There is now just a week to go until each city bidding for the 2012 Olympics must hand over its final dossier to the International Olympic Committee.
The IOC's evaluation of the five bids in May left each venue with plenty of fine-tuning to do in order to distinguish itself from its rivals.
So what are the key weaknesses that the cities have been trying to address?
GOVERNMENT AND PUBLIC SUPPORT
Madrid scored the highest number of points in the IOC evaluation, with Paris just behind.
London was criticised by the IOC after an IOC poll revealed that public opposition to the bid was higher than in any of the other cities.
London's bid had produced a poll saying 82% of Londoners were in favour - but the IOC poll had that figure at 67%.
"It is vital that we engage with the British public," admitted bid president Sebastian Coe.
Madrid came out top again, clearly ahead of Paris. London and New York trailed again - but the real loser was Moscow.
The Russian bid was awarded just 6.8 out of a possible 10 points, compared with Madrid's 8.5.
London has made much of its innovative venues for various sports - hosting the triathlon in Hyde Park, the beach volleyball on Horse Guards Parade and baseball in Regent's Park.
But the IOC complained: "No budget is allocated for upgrading or construction, or construction dates provided."
Madrid was rated the best, with Paris in second and New York third.
Another bad area for London.
The bid has made much of the proximity of the athletes' village to the proposed Olympic stadium - but the IOC criticised the distance between the village and the venues for events like shooting, sailing and canoeing.
Madrid and Paris both scored well - but New York's plans did not impress.
At last - a good area for London. The British bid scored as highly as any of the bids that were retained, largely because of its emphasis on regeneration of the East End.
Both New York and Moscow received low marks - but Paris and Madrid, the two front-runners, were rated as highly as London.
Paris, London and New York were all given maximum marks for their ability to provide enough hotel rooms to cope with the huge influx of visitors an Olympics would bring.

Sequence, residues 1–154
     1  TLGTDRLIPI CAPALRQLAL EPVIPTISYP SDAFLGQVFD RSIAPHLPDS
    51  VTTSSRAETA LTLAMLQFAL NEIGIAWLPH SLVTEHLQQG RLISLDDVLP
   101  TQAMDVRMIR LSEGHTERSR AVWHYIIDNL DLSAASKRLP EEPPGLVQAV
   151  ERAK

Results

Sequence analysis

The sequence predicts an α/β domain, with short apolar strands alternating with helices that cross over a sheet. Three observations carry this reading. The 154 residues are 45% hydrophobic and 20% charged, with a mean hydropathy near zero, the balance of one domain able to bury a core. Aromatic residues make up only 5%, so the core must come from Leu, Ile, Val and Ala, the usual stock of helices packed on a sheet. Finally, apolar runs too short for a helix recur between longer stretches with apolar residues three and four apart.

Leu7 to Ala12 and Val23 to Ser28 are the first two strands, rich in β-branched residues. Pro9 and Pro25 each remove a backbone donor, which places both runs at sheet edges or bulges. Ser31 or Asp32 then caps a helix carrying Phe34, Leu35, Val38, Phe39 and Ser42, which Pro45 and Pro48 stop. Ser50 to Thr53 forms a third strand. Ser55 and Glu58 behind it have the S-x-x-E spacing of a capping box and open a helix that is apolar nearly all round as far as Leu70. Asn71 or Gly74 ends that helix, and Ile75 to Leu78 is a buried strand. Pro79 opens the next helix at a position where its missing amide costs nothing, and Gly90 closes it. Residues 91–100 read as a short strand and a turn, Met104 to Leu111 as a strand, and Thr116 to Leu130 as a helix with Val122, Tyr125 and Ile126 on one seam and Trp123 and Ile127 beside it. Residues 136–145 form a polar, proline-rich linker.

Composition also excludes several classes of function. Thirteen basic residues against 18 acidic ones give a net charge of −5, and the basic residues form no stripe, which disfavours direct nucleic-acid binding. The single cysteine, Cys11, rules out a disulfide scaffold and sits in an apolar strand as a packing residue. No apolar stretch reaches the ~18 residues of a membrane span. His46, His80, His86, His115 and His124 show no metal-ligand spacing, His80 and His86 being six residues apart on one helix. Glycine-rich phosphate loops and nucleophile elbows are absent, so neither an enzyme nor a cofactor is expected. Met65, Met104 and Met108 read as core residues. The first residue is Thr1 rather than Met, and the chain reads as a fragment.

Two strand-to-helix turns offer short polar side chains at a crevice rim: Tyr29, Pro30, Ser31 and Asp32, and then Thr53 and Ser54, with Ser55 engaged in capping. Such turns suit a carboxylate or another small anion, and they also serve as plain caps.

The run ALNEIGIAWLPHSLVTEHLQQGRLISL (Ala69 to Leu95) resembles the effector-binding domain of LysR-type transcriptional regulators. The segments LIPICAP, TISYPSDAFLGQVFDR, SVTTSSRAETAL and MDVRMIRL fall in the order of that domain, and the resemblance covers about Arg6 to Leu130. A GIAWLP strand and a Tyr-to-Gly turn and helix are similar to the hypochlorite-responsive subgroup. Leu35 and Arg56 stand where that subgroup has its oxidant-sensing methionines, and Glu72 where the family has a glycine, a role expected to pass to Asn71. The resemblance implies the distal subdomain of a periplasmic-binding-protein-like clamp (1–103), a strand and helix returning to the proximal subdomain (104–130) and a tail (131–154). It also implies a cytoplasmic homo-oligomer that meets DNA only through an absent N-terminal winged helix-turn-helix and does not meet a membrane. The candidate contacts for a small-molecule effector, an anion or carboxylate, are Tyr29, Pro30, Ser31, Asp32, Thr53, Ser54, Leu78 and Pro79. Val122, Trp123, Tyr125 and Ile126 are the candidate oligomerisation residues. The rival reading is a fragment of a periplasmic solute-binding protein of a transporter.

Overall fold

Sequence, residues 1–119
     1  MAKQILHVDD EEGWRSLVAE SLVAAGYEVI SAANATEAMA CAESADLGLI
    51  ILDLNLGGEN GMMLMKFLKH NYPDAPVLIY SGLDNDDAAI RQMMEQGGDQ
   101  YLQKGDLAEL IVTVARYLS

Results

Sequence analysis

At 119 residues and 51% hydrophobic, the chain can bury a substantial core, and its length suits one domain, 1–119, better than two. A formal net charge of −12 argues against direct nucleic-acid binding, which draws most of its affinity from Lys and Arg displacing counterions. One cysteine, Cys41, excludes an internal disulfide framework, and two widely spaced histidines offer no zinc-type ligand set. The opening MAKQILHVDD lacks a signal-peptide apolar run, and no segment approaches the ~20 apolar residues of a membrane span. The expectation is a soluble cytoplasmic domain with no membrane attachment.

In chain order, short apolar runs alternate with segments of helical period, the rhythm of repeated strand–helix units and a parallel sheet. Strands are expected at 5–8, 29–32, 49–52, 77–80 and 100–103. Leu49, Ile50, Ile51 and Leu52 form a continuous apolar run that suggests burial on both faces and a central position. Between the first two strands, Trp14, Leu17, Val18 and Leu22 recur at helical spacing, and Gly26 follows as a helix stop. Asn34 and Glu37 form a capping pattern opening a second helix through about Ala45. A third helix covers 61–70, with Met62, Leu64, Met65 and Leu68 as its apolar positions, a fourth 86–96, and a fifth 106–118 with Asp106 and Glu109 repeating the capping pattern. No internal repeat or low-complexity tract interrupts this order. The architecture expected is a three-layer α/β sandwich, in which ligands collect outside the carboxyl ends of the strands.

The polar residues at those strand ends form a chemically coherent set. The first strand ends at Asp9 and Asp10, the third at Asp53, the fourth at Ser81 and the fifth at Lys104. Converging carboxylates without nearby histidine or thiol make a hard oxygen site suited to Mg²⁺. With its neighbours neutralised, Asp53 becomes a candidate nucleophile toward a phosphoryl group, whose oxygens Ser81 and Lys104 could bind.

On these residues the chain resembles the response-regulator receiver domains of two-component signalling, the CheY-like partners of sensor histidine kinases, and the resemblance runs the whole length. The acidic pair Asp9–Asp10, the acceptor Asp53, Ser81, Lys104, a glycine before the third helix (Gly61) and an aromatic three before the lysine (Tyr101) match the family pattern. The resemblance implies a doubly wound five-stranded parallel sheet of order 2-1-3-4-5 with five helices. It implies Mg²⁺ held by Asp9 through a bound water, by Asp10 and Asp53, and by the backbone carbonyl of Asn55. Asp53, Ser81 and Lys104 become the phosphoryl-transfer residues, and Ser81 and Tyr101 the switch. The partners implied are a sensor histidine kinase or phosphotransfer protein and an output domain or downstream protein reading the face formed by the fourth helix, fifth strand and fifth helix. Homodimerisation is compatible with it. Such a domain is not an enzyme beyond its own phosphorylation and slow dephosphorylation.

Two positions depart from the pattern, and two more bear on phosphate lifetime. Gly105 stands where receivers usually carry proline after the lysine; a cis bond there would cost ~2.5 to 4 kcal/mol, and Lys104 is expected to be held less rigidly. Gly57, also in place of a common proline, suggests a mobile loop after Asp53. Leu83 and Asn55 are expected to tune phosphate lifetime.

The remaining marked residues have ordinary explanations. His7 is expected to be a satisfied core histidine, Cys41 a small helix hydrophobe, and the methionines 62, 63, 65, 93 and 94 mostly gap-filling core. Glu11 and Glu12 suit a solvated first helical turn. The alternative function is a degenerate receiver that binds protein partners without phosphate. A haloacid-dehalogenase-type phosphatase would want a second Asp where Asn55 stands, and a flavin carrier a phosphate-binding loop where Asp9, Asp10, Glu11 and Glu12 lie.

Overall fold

Moscow cemented its role as rank outsider with a low mark - and it is hard to see it being able to improve its rating in a mere six months.
London's worst area. The IOC said that the city's rail network was "obsolete", called for "substantial improvements in public transport" and said: "The assumed average bus travel speeds of 34mph appear unrealistic."
London's bid leaders claim that huge investments in transport are already planned - but the IOC remains to be convinced.
Madrid were awarded nine of a possible 10 marks and Paris 8, with the remaining three failing to score more than 6 apiece.
New York's plan to carry 85% of Olympic traffic on ferries on the East River was praised as "innovative" but there are doubts about its genuine feasibility.
SAFETY AND SECURITY
Paris leads the way, but London is close behind, let down only by the geographical spread of its venues, which the IOC say "could potentially entail complex planning for the security forces".
Moscow is rated poorly with New York only a small distance ahead.
EXPERIENCE IN HOSTING
Paris is the clear winner, having successfully hosted both the football World Cup in 1998 and last summer's athletics world championships.
London suffers from not having hosted a major event since the 1966 World Cup, and from having pulled out of hosting the 2005 world championships.
A key area, and one in which Moscow and New York again trail the other three.
London, Paris and Madrid were all praised for their financial plans.
PROJECT AND LEGACY
Once again, Paris and Madrid were out in front, both scoring nine points.
London and New York were awarded eight points each, reflecting the overall rankings, with Moscow again bringing up the rear.